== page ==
This trainer is on a few demo effects (pixel morphs and static).

DENTHOR, coder for ...
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Grant Smith, alias Denthor of Asphyxia, wrote up several articles on the creation of demo effects in the 90s. I reproduce them here, as they offer so much insight into the demo scene of the time.

These articles apply some formatting to Denthor's original ASCII files, plus a few typo fixes.

Pixel Morphing

Have you ever lain down on your back in the grass and looked up at the cloudy sky? If you have, you have probably seen the clouds move together and create wonderful shapes… that cloud plus that cloud together make a whale… a ship… a face etc.

We can’t quite outdo Mother Nature, but we can sure give it a shot. The effect I am going to show you is where various pixels at different starting points move together and create an overall picture.

The theory behind it is simple: each pixel has bits of data associated with it, most important of which is as follows:

This is my color
This is where I am
This is where I want to be.

The pixel, keeping its color, goes from where it is to where it wants to be. Our main problem is how it moves from where it is to where it wants to be. A obvious approach would be to say “If its destination is above it, decrement its y value, if the destination is to the left, decrement its x value and so on.”

This would be bad. The pixel would only ever move at set angles, as you can see below:

                Dest   O-----------------\
                                           \  <--- Path
                                                O Source

Doesn’t look very nice, does it? The pixels would also take different times to get to their destination, whereas we want them to reach their points at the same time, i.e.:

     Dest 1   O-------------------------------O Source 1
     Dest 2   O-----------------O Source 2

Pixels 1 and 2 must get to their destinations at the same time for the best effect. The way this is done by defining the number of frames or “hops” needed to get from source to destination. For example, we could tell pixel one it is allowed 64 hops to get to its destination, and the same for point 2, and they would both arrive at the same time, even though pixel 2 is closer.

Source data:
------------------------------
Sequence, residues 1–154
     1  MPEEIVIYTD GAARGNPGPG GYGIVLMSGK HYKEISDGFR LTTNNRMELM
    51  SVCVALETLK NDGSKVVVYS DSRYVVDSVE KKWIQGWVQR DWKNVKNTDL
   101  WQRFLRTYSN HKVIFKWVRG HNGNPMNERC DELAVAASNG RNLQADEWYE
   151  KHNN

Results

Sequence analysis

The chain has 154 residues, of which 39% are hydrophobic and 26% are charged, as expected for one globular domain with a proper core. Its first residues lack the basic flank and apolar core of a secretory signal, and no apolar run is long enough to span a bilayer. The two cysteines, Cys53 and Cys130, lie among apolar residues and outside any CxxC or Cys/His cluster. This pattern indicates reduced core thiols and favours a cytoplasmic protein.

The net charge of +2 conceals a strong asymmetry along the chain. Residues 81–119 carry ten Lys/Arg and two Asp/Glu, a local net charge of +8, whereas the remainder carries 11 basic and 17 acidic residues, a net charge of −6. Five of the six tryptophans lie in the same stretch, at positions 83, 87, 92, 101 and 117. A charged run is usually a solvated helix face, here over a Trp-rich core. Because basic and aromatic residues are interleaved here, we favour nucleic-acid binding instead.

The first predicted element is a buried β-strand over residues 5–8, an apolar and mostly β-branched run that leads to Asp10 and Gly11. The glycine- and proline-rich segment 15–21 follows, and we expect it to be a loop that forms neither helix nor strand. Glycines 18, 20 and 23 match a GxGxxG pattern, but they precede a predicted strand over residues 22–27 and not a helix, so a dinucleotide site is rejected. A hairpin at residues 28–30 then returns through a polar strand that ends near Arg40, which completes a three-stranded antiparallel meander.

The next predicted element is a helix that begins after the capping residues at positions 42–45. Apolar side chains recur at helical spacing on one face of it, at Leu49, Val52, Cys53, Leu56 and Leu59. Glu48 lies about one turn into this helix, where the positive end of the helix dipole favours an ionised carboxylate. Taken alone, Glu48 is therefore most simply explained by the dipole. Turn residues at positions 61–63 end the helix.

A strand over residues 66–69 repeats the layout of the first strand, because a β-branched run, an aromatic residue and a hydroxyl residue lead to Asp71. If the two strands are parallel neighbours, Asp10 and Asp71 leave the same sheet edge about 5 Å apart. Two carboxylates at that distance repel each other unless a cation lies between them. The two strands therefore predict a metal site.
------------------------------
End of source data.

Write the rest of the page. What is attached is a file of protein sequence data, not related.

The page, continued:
The next question, it how do we move the pixels in a straight line? This is easier than you think…

Let us assume that for each pixel, x1,y1 is where it is, and x2,y2 is where it wants to be.

   (x2-x1) = The distance on the X axis between the two points
   (y2-y1) = The distance on the Y axis between the two points

If we do the following:

  dx := (x2-x1)/64;

we come out with a value in dx which is very useful. If we added dx to x1 64 times, the result would be x2! Let us check…

  dx = (x2-x1)/64
  dx*64 = x2-x1         { Multiply both sides by 64 }
  dx*64+x1 = x2         { Add x1 to both sides }

This is high school math stuff, and is pretty self explanatory. So what we have is the x movement for every frame that the pixel has to undergo. We find the y movement in the same manner.

  dy := (y2-y1)/64;

So our program is as follows:

  { Set x1,y1 and x2,y2 values }
  dx:= (x2-x1)/64;
  dy:= (y2-y1)/64;

  for loop1:=1 to 64 do BEGIN
    putpixel (x1,y1)
    clear pixel (x1,y1);

If there was a compiler that could use the above pseudocode, it would move the pixel from x1,y1 to x2,y2 in 64 steps.

So, what we do is set up an array of many pixels with this information, and move them all at once… voilá, we have pixel morphing! It is usually best to use a bitmap which defines the color and destination of the pixels, then randomly scatter them around the screen.

Why not use pixel morphing on a base object in 3d? It would be the work of a moment to add in a Z axis to the above.

The sample program uses fixed point math in order to achieve high speeds, but it is basically the above algorithm.


A static screen was one of the first effects Asphyxia ever did. We never actually released it because we couldn’t find anywhere it would fit. Maybe you can.

The easiest way to get a screen of static is to tune your TV into an unused station … you even get the cool noise effect too. Those people who build TVs really know how to code ;-)

For us on a PC however, it is not as easy to generate a screen full of static (unless you desperately need a new monitor)

What we do is this:

  • Set colors 1-16 to various shades of grey.
  • Fill the screen up with random pixels between colors 1 and 16
  • Rotate the palette of colors 1 to 16.

That’s it! You have a screenful of static! To get two images in one static screen, all you need to do is fade up/down the specific colors you are using for static in one of the images.

A nice thing about a static screen is that it is just palette rotations … you can do lots of things in the foreground at the same time (such as a scroller).

In closing

Well, that is about it … as I say, I will be doing more theory stuff in future, as individual demo effects can be thought up if you know the base stuff.

Note the putpixel in this GFX3.PAS unit … it is very fast .. but remember, just calling a procedure eats clock ticks… so embed putpixels in your code if you need them. Most of the time a putpixel is not needed though.